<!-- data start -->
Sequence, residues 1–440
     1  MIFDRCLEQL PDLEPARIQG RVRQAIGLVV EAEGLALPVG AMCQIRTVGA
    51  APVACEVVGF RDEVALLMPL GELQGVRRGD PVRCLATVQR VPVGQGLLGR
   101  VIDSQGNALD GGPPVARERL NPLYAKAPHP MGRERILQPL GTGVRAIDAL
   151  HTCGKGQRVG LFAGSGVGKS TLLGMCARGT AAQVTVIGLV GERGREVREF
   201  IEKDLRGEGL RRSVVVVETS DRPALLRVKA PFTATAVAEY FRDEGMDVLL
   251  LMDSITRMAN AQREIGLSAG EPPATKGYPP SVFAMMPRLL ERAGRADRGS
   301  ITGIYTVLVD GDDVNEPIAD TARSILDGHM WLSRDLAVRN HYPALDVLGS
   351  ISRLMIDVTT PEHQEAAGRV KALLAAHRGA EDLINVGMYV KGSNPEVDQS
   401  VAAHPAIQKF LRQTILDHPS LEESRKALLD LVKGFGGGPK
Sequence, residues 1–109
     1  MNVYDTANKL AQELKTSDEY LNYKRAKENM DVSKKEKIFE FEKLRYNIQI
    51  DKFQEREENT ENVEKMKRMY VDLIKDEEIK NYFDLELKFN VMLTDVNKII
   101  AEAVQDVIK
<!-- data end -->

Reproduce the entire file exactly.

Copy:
Sequence, residues 1–440
     1  MIFDRCLEQL PDLEPARIQG RVRQAIGLVV EAEGLALPVG AMCQIRTVGA
    51  APVACEVVGF RDEVALLMPL GELQGVRRGD PVRCLATVQR VPVGQGLLGR
   101  VIDSQGNALD GGPPVARERL NPLYAKAPHP MGRERILQPL GTGVRAIDAL
   151  HTCGKGQRVG LFAGSGVGKS TLLGMCARGT AAQVTVIGLV GERGREVREF
   201  IEKDLRGEGL RRSVVVVETS DRPALLRVKA PFTATAVAEY FRDEGMDVLL
   251  LMDSITRMAN AQREIGLSAG EPPATKGYPP SVFAMMPRLL ERAGRADRGS
   301  ITGIYTVLVD GDDVNEPIAD TARSILDGHM WLSRDLAVRN HYPALDVLGS
   351  ISRLMIDVTT PEHQEAAGRV KALLAAHRGA EDLINVGMYV KGSNPEVDQS
   401  VAAHPAIQKF LRQTILDHPS LEESRKALLD LVKGFGGGPK
Sequence, residues 1–109
     1  MNVYDTANKL AQELKTSDEY LNYKRAKENM DVSKKEKIFE FEKLRYNIQI
    51  DKFQEREENT ENVEKMKRMY VDLIKDEEIK NYFDLELKFN VMLTDVNKII
   101  AEAVQDVIK